The organic blockbuster: the original release of "Star Wars."

The triumph of the original Star Wars was not driven by marketing. It probably couldn't happen today.

The organic blockbuster: the original release of "Star Wars."

May 25, 1977 is a day well known in Star Wars lore. On this day, 46 years ago, the original Star Wars premiered in theaters. Now in the 2020s when we have so much Star Wars-related media at our fingertips, it's hard to imagine a time, not so long ago, when the premiere of a Star Wars movie was a cultural event. When The Phantom Menace appeared in 1999, fans, many in costume, camped out for tickets long in advance and huge waves of buzz online and in the press preceded it. That kind of Star Wars mania has already receded into history, but it wasn't there from the beginning. Indeed, Star Wars was an extreme rarity in the history of cinema: a truly organic blockbuster, a runaway success that surprised its creators and promoters as much as its audiences. This no longer happens in movies today, and probably will never happen again. It's interesting to examine the phenomenon as it is now, a historical artifact.

Before Star Wars was an institution and a cultural phenomenon, it was just another movie, and in the eyes of its producers not a very important one. Science fiction in the pre-Star Wars era was a niche interest that was not envisioned as a genre that could sell a lot of tickets to mainstream audiences. Big-budget SF films like Kubrick's 2001: A Space Odyssey and Tarkovsky's Solaris were more art pieces than classic science fiction. George Lucas, who had directed a SF film in 1971 called THX 1138, wanted to make a kinetic space fantasy, sort of a Western/samurai film in space with many elements throwing back to the movie serials of the 1930s and 40s on which he (and his friend Steven Spielberg) had grown up. After endless battles with producers and studios to get the picture made, Lucas finally called action in March 1976. It was made on a budget of $11 million, the equivalent of about $58 million in today's dollars--extremely cheap for a sprawling SF epic today, but a ghastly cost for skittish producers at Twentieth Century Fox who had little hope that the picture would find an audience.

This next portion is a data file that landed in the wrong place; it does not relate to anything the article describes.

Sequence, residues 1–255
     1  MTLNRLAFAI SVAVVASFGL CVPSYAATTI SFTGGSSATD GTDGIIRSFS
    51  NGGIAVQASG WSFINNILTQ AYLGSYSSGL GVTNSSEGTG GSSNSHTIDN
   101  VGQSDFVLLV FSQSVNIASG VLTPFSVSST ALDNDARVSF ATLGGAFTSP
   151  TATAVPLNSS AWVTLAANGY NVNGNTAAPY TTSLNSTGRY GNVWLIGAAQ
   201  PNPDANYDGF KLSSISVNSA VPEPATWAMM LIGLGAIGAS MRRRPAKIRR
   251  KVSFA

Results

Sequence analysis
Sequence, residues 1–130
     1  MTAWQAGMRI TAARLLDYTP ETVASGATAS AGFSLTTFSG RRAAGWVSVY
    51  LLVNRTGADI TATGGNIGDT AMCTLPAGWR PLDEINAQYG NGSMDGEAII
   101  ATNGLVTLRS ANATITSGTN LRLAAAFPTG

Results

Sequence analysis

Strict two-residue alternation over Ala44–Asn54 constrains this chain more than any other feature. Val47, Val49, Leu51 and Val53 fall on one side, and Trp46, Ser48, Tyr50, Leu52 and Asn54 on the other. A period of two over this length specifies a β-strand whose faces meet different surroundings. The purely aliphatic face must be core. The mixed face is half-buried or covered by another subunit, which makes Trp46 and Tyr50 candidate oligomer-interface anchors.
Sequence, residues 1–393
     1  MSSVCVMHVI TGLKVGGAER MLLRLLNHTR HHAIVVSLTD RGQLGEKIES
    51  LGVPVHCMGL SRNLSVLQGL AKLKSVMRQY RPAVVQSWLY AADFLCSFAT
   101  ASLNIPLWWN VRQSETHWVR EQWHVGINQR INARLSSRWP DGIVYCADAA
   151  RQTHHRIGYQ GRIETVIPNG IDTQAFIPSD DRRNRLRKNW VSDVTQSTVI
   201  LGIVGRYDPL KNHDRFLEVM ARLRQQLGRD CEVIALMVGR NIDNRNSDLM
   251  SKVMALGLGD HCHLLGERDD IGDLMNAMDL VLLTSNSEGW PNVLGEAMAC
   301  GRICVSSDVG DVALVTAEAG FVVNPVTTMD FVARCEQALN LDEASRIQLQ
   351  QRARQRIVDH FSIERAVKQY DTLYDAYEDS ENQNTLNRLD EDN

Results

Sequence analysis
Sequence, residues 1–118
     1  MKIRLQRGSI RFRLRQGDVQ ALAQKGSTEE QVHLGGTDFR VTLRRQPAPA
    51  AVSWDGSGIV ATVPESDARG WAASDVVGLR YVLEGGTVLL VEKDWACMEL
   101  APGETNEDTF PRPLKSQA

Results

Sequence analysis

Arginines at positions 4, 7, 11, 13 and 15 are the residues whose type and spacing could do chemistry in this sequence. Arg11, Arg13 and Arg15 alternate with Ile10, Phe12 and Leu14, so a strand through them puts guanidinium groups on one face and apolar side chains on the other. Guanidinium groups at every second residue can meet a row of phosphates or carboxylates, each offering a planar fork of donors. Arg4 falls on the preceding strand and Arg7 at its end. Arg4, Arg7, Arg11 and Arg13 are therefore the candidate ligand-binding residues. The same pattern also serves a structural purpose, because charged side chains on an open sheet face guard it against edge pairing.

Originally scheduled for release in December 1976, post-production delays dragged out the premiere to the following spring. Fox decided to premiere the film just before Memorial Day to get it out there before summer movies the studio thought would be much more successful, like car-crash comedy Smokey and the Bandit and Exorcist director William Friedkin's action epic Sorcerer, began their runs. The distributors had to coerce theaters into exhibiting Star Wars by threatening to withhold future productions the theater owners wanted more if they didn't also book the strange little space movie. But even with this strong-arm tactic, only 32 theaters in the entire United States had ordered prints of Star Wars for the May 25 opening. Amazingly, George Lucas forgot that the picture was opening that day. After spending the morning of May 25 working, he went out to lunch with his wife Marcia, also an editor on the film. They drove by Mann's Chinese Theater in L.A. and saw a long line of people queued up to see the movie. The Lucases were astonished to learn that the crowd had turned out for their film. This is the legend, anyway.

The premiere for Star Wars Episode I: The Phantom Menace in 1999 was far more marketed, planned and stage-managed than the debut of the original film in 1977. Even this was a generation ago and would not happen today.